11,028 reputation
22052
bio website wordsmyth.org
location Pittsburgh, PA
age 39
visits member for 3 years, 2 months
seen 1 hour ago

Full-time software engineer and part-time writer.


19h
comment Word meaning “to fall down accidentally?”
I believe that definition of slip refers to making a mistake, like a 'slip of the tongue'. In terms of falling, slip usually implies a slippery or slick surface, which didn't jump to mind when thinking of a bridge parapet. That said, I do agree it implies an accidental fall.
19h
answered Word meaning “to fall down accidentally?”
21h
awarded  Explainer
2d
comment Respect level languages in English
@GreenAsJade - I would say that's a great argument for why it's a perfect question for English Language Learners, but it still seems out of the scope for this site.
2d
comment Respect level languages in English
I agree with the others that this is more a question of etiquette and style, and therefore not a good fit for ELU. But in the interest of answering your question: yes, I would use "would like" over "want" to be more formal and polite.
Sep
15
answered What is a word for comparing two things but suggesting one is better than the other?
Aug
29
awarded  Nice Answer
Jul
19
comment “help someone convince” vs “help someone to be convinced”?
@ErikKowal - I agree there are better ways to word it, I was trying to hold with the general structure of the original sentence.
Jul
19
comment “help someone convince” vs “help someone to be convinced”?
Yeah that sounds wrong. "helped him convince himself that", or "helped him be convinced that" would be expected.
Jul
18
comment Use of capitals and full stops in bullet points
@Pacerier - It comes down to style. Full sentences/phrases are generally capitalized and punctuated, simple items are not. Lowercase feels better there to me, but I can see the argument for "Etc." to match the other items.
Jul
16
awarded  Yearling
Jul
9
comment Differences between e.g., viz. and i.e.
@Pacerier - If you say "fruits, viz apples and oranges" then you're listing specifically the only fruits he likes. It's a limited list of examples. I.e. is simply not intended to be used for a list of examples - that's what e.g. and viz. are for. You can use it and be understood, but based on my understanding it would not be the most appropriate.
Jul
9
comment Differences between e.g., viz. and i.e.
@Pacerier - I.e. in that example doesn't quite fit. More generally, it comes down to whether you are restating the original point or merely listing examples. "He likes only orange citrus fruit, i.e. oranges" (restating/clarifying since oranges and orange citrus fruit being more or less equivalent), or "He likes fruit, e.g. apples and oranges" (apples and oranges being just two of many examples of fruit), or "He likes only certain kinds of fruit, viz. apples and strawberries." (viz implies those are the only ones he likes).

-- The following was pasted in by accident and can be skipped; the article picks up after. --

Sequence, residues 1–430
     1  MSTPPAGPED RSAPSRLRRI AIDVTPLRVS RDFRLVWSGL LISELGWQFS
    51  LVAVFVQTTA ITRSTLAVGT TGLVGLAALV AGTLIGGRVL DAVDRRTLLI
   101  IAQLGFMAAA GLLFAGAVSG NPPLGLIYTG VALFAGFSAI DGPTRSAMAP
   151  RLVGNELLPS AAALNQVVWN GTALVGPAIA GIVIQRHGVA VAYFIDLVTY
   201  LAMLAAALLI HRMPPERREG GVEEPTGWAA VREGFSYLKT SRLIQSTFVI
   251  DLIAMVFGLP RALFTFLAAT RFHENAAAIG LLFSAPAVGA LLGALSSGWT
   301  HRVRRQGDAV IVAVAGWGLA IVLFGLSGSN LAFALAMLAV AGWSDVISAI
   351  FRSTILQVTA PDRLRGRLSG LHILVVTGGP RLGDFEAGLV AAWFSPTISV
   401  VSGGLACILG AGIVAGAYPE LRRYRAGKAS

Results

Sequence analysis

Jun
25
comment Is something 'best possible' or 'the best possible?'
@domotorp - If you say "the tallest" then you're leaving it open... tallest in his class, tallest in America, tallest ever. But if you say "the tallest (or best) possible" then you're being a bit more specific. Now you're saying it's the best that was possible to achieve.
Jun
24
comment Is something 'best possible' or 'the best possible?'
@domotorp - In the quoted section, the author equates 'best possible' with 'sharp' and says it expressly does not mean 'better...than all other results in the world' (which is what the superlative means in everyday English).
Jun
24
comment Is something 'best possible' or 'the best possible?'
Idiomatically I must disagree that "best possible" is in the same category as "most convenient". I can find no concrete rule of grammar to point to, but it simply does not sound right to my ears.
Jun
23
answered Is something 'best possible' or 'the best possible?'
Jun
22
comment What is one’s mother-in-law’s mother-in-law called?
Amusing, but probably better suited as a comment rather than an "answer'.
Jun
17
comment How does English decide whether foreign words need to be transliterated?
There is no hard and fast rule. When deciding for oneself, it would be best to look at common words and style guides, both of which are addressed in that other question you linked to.
Jun
17
comment What is the prototype of “Place blame where it is deserved / Blame where it’s due / Blame only where blame is due”?
@JoeBlow - True it can be an expression of grudging praise, but it does not have to be. Even from the OED it says "even if one is reluctant..." not "when one is reluctant". You can use it genuinely too.